What differentiates the values of the companies classified as Excellent when compared to the lower performing companies?  The Excellent companies put people first.

<<Previous Next>>

[i] In Search Of Excellence: Lessons From America’s Best-Run Companies.  Thomas J Peters and Robert H. Waterman Jr. Harper and Row (1982) p. 51.

[ii] In Search Of Excellence: Lessons From America’s Best-Run Companies.  Thomas J Peters and Robert H. Waterman Jr. Harper and Row (1982) p. 76.

The Quick and Dirty Way To Learn Your Company Culture

Chapter 3: The Corporation, The Real American Idol Part 6

The writer David Foster opened his 2005 Kenyon Commencement address with this story: an older fish said to two younger fish “Morning boys.  How’s the water?”  After he swam away, one fish looked at the other and said “What the hell is water?[i]”  I love the story, because it captures a truism – we don’t notice something we are immersed in.  Corporate culture is the water of corporate life.

Corporate culture is defined as the shared values, traditions, customs, philosophy, and policies of a corporation.[ii]  We used to grill new employees about our products to get an outside perspective before they absorbed the biases of our organization.  And I think a big part of the stress of a new job is learning all of the unwritten rules of “the way things are done here.”  Here is a trick to learn the new culture quickly: ask to hear stories.

In their book “In Search of Excellence,” Tom Peters and Robert Waterman argue that great companies have strong values, which are transmitted not through “written procedures” but through “stories, myths, legends and metaphors.[iii]”  This rings true for me, based both on my own experience and from stories I heard while conducting interviews for the book.  For example, when I asked about company values, people started talking about the bullet points in the employee handbook, and were quick to point out that no one paid attention to them.  But when I asked for stories, I quickly learned what a company stood for.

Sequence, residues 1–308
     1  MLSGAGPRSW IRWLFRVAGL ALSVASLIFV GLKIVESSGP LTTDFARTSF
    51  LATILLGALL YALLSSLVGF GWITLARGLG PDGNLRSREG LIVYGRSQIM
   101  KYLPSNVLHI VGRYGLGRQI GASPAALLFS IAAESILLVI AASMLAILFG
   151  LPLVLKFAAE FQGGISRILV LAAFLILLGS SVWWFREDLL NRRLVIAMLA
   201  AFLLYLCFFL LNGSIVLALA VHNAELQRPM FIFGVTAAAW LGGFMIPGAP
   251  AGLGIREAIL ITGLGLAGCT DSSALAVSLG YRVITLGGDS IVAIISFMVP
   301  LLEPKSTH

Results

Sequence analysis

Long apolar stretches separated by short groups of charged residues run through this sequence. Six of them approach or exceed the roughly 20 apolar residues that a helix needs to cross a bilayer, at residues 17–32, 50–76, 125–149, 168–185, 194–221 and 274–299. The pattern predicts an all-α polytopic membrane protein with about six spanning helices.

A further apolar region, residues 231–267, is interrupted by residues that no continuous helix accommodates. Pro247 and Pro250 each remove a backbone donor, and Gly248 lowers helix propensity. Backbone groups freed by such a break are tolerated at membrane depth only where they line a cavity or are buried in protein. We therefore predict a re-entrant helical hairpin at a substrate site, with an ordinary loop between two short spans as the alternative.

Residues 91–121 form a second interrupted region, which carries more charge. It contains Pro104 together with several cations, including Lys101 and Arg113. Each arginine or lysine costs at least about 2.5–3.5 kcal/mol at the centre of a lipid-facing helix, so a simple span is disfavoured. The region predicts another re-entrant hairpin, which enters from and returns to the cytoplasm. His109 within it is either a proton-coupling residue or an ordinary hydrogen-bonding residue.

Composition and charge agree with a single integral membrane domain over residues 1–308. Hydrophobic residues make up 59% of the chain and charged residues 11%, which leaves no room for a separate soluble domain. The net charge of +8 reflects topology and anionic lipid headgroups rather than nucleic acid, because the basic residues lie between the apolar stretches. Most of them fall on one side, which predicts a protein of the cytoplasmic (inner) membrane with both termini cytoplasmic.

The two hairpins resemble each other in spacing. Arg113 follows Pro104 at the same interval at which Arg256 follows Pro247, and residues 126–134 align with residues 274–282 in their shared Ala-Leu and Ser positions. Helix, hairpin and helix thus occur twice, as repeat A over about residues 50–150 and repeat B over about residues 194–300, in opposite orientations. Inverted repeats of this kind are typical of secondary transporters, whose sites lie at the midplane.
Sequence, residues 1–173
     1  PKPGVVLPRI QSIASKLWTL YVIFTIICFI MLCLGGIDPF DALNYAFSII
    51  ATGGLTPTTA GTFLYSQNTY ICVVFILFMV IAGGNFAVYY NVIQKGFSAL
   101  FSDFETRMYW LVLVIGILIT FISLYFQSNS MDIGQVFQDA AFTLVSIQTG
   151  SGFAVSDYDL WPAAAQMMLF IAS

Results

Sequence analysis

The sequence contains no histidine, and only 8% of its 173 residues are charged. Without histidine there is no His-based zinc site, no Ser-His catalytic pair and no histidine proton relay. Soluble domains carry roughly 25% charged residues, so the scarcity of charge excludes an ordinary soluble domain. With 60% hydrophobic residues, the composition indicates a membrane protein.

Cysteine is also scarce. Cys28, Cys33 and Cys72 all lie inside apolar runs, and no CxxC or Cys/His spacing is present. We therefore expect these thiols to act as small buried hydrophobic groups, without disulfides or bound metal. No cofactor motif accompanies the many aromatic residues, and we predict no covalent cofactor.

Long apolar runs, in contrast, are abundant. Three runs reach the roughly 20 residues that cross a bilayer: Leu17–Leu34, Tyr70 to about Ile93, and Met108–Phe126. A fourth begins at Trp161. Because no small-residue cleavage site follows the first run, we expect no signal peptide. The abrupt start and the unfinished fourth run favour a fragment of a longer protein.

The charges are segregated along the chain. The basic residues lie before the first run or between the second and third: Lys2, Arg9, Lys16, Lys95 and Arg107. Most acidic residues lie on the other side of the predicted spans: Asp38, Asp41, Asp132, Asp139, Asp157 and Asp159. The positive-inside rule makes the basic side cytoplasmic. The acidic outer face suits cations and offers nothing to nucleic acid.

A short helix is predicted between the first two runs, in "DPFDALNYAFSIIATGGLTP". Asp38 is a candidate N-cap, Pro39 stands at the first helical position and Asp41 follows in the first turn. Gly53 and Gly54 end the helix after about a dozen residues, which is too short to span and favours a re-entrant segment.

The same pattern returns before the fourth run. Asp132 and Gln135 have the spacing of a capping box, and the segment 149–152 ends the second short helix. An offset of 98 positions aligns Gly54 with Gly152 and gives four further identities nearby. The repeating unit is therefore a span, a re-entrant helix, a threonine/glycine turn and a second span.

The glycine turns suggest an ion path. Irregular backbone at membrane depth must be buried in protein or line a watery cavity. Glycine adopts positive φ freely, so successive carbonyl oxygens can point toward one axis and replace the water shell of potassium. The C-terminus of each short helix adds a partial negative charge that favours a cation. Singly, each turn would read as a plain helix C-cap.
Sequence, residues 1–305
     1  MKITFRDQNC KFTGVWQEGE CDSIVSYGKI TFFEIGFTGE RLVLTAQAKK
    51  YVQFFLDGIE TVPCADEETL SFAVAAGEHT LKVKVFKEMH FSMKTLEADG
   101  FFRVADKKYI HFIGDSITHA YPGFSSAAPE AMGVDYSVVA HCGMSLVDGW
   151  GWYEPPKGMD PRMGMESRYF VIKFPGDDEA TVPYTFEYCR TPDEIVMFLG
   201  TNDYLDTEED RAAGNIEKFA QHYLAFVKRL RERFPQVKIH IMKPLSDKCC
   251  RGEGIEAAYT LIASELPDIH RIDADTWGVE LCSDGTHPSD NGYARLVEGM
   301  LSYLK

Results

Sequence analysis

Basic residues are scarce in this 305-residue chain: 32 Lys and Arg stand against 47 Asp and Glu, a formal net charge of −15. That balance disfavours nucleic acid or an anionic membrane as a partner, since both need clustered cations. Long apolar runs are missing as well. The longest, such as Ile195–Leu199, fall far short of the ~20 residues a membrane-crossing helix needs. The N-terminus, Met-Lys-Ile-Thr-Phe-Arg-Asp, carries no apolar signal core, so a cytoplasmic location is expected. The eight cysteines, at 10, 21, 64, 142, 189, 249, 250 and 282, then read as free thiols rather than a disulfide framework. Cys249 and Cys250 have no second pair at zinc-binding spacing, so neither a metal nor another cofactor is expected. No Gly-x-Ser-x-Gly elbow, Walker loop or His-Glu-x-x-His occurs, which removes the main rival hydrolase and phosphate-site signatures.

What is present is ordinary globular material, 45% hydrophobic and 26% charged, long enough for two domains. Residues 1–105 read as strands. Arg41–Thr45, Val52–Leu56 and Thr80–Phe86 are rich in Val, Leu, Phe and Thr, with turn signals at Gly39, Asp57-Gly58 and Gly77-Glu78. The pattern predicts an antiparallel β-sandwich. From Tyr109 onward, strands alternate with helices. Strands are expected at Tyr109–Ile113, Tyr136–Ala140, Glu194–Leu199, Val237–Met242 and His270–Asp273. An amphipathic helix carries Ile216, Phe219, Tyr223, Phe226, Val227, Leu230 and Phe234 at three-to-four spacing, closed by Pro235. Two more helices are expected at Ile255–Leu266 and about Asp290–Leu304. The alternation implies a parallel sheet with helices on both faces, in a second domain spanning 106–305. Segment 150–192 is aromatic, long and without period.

At one company, there was a story about the sales rep who drove an instrument across Europe during the Christmas shutdown to complete the sale.  He even got the customer to unlock the building and take delivery so that the company could recognize the revenue.  This story was told more than once at company-wide meetings, and reminded employees an important lesson about the company values – do what it takes to make the numbers.  Of course the sales rep got a commission check, and it could be argued that he was simply acting in his own self-interest.

But self-interest certainly was not a factor in a story I heard from a former employee of Amersham.   a company in the UK that sold radioactive labels for biomedical research in the 80s and 90s. What does this story say about Amersham values? “Something went wrong with the [nuclear] reactor and the people on the night shift had to run into the reactor to get some stuff [so that it could ship to the customer on time.]  They got 10 times the dose they legally should have. … It wasn’t driven by commercial gain.  It was driven by ‘oh we’ve go to do a good job.’”  The Amersham alum laughed fondly as he told me the story.  It was clear that the story was told often when the beer began to flow, and is the type of myth that helps propagate company values.

What are the stories, myths and legends at your company, and how do they guide how you make decisions?

<<Previous Next>>

[i] Transcription of the 2005 Kenyon Commencement Address – May 21, 2005 retrieved August 5, 2012.; David Foster Wallace, The Guardian, Friday 19 September 2008 retreived August 3, 2012


[iii] In Search Of Excellence: Lessons From America’s Best-Run Companies.  Thomas J Peters and Robert H. Waterman Jr. Harper and Row (1982) p. 282.